New Jersey official: Only public information for Trump election fraud commission

     The director of the New Jersey Division of Elections says no voter information will be released to the federal commission

    The director of the New Jersey Division of Elections says no voter information will be released to the federal commission "that is not publicly available." (AP file photo)

    New Jersey’s top election official has indicated the state won’t give President Donald Trump’s commission on election fraud the detailed data on the state’s voters it wants.

    The Presidential Advisory Commission on Election Integrity asked states for information on all registered voters, including partial Social Security numbers and criminal records.

    More than 40 states have declined to provide all the data.

    New Jersey, where Gov. Chris Christie is a vocal supporter of Trump, hasn’t responded to the commission.

    Christie administration officials said in response to press inquiries the decision is up to the state’s Division of Elections, whose officials haven’t been available for comment for several days.

    But the division’s director, Robert Giles, said in a statement Wednesday afternoon that no voter information will be released “that is not publicly available.”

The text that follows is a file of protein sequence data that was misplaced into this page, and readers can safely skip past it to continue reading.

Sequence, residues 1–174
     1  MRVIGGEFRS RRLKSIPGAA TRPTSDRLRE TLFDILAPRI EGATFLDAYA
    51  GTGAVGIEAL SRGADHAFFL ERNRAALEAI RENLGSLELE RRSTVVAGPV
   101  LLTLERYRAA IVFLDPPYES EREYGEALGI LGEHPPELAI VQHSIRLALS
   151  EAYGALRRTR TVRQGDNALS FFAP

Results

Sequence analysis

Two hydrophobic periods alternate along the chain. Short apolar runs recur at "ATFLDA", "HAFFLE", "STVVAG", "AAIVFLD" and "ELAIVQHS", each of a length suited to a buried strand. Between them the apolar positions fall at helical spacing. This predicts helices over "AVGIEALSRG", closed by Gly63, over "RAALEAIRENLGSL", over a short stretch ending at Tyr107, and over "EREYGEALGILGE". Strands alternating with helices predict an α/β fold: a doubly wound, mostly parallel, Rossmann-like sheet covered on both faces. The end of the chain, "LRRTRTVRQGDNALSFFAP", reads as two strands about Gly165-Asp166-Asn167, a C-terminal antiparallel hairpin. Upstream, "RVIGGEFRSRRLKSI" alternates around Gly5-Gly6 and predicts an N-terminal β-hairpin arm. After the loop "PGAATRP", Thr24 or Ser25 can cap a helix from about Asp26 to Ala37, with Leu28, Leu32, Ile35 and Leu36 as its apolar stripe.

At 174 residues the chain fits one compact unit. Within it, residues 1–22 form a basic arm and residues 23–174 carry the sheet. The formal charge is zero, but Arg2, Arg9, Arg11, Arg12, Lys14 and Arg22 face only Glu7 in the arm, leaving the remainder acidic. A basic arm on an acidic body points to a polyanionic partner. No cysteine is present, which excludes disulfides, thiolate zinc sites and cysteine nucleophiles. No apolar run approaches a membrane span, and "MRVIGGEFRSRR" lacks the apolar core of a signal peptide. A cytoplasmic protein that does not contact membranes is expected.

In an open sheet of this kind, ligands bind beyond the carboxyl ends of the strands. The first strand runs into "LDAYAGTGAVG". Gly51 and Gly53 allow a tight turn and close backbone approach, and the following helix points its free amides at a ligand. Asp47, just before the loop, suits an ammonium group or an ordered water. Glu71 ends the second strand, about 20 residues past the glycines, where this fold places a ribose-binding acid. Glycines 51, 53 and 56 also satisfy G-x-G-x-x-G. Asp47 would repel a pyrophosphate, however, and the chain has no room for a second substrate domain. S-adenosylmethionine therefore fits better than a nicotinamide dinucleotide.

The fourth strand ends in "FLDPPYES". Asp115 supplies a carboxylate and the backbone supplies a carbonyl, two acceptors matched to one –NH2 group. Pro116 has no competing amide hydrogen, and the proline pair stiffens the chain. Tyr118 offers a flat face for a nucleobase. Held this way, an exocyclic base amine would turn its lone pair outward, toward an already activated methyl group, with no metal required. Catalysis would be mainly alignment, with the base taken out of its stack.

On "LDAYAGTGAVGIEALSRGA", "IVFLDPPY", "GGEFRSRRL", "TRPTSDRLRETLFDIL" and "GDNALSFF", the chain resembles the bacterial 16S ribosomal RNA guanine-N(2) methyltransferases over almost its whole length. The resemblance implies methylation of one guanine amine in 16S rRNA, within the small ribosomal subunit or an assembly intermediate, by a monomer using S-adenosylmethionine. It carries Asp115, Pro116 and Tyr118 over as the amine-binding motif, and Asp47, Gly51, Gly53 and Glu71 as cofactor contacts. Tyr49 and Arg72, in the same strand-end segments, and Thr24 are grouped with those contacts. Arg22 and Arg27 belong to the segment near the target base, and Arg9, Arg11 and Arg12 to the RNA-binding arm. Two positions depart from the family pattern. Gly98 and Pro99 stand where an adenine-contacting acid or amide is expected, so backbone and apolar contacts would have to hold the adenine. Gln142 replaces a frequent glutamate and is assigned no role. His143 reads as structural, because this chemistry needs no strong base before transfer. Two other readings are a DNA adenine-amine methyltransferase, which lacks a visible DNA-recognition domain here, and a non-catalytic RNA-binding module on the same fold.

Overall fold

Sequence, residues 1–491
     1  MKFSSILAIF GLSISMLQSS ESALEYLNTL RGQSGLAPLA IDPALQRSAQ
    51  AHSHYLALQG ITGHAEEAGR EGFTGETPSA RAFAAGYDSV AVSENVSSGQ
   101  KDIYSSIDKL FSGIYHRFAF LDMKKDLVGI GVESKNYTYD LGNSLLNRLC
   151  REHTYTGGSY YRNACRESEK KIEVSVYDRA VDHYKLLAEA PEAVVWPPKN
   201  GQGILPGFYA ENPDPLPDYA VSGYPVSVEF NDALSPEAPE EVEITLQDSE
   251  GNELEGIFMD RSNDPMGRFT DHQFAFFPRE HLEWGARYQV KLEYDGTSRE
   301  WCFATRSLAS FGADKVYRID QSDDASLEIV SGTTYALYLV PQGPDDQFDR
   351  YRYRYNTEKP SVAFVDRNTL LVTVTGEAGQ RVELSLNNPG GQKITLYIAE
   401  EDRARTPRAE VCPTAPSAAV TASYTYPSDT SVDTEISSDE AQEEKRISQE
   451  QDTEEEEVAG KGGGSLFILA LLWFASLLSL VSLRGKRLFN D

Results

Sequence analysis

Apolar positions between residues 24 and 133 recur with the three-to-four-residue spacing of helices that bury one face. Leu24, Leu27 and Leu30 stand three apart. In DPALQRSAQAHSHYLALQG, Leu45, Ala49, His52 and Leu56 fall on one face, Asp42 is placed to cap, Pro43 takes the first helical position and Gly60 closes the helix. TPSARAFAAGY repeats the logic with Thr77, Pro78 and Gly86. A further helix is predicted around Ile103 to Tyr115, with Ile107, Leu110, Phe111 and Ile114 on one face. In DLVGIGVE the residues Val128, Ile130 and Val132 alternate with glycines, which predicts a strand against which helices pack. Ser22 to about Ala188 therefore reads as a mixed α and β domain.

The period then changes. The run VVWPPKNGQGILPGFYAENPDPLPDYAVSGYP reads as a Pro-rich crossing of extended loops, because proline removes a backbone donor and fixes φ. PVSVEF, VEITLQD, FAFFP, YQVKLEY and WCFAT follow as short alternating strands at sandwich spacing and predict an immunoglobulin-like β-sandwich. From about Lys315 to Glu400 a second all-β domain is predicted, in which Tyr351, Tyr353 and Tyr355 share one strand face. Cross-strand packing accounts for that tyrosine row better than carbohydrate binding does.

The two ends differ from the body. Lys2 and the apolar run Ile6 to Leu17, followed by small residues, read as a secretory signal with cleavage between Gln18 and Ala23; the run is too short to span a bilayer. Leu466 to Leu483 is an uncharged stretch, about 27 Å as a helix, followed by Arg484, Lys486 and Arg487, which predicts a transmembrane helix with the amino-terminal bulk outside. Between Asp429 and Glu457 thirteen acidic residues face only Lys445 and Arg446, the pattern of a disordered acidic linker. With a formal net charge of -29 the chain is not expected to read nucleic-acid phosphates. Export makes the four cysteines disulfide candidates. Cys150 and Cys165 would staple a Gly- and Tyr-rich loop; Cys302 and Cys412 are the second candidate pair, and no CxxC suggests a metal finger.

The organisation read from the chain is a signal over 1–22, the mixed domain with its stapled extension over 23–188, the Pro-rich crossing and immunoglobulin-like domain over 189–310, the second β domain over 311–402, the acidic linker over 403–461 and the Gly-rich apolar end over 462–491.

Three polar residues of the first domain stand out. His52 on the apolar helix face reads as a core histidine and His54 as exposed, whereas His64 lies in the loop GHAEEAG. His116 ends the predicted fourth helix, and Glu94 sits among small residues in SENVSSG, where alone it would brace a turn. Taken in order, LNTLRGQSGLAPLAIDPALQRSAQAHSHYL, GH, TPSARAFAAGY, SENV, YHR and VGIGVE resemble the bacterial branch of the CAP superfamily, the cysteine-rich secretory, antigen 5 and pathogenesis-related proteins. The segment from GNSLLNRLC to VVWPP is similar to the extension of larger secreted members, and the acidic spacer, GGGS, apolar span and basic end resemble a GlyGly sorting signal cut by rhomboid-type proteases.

That would seem to rule out the release of Social Security numbers and criminal records, which are not included in voter rolls. The state has until July 14 to formally respond to the commission.

    On Wednesday, the New Jersey ACLU and the Institute of Social Justice wrote letters urging the state to reject the request.

    Institute attorney Scott Novakowski said the state can’t release that private data, and it shouldn’t trust the commission.

    “It was created by the president, really, with the goal of perpetuating this myth of pervasive voter fraud,” he said.

    Trump has claimed illegal voting was widespread in the presidential election.

    Officials in Pennsylvania and Delaware have said they won’t comply with the commission’s request.

    Want a digest of WHYY’s programs, events & stories? Sign up for our weekly newsletter.

    It will take 126,000 members this year for great news and programs to thrive. Help us get to 100% of the goal.